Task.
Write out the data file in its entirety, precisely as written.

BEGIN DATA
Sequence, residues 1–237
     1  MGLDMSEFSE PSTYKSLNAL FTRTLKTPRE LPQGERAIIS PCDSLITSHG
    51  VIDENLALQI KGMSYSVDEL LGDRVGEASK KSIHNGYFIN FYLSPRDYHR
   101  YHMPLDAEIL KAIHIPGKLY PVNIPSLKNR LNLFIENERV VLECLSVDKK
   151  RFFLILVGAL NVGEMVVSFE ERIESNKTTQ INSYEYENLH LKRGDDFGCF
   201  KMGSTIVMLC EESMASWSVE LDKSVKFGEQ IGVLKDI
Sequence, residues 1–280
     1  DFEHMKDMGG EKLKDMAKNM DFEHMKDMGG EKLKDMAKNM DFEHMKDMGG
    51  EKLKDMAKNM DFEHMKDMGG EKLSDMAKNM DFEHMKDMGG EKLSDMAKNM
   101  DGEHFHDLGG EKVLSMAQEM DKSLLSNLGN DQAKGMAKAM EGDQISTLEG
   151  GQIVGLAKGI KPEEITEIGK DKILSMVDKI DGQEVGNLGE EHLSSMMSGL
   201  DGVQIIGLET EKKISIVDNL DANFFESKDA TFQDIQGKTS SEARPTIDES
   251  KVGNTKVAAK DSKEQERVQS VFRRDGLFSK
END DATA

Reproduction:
Sequence, residues 1–237
     1  MGLDMSEFSE PSTYKSLNAL FTRTLKTPRE LPQGERAIIS PCDSLITSHG
    51  VIDENLALQI KGMSYSVDEL LGDRVGEASK KSIHNGYFIN FYLSPRDYHR
   101  YHMPLDAEIL KAIHIPGKLY PVNIPSLKNR LNLFIENERV VLECLSVDKK
   151  RFFLILVGAL NVGEMVVSFE ERIESNKTTQ INSYEYENLH LKRGDDFGCF
   201  KMGSTIVMLC EESMASWSVE LDKSVKFGEQ IGVLKDI
Sequence, residues 1–280
     1  DFEHMKDMGG EKLKDMAKNM DFEHMKDMGG EKLKDMAKNM DFEHMKDMGG
    51  EKLKDMAKNM DFEHMKDMGG EKLSDMAKNM DFEHMKDMGG EKLSDMAKNM
   101  DGEHFHDLGG EKVLSMAQEM DKSLLSNLGN DQAKGMAKAM EGDQISTLEG
   151  GQIVGLAKGI KPEEITEIGK DKILSMVDKI DGQEVGNLGE EHLSSMMSGL
   201  DGVQIIGLET EKKISIVDNL DANFFESKDA TFQDIQGKTS SEARPTIDES
   251  KVGNTKVAAK DSKEQERVQS VFRRDGLFSK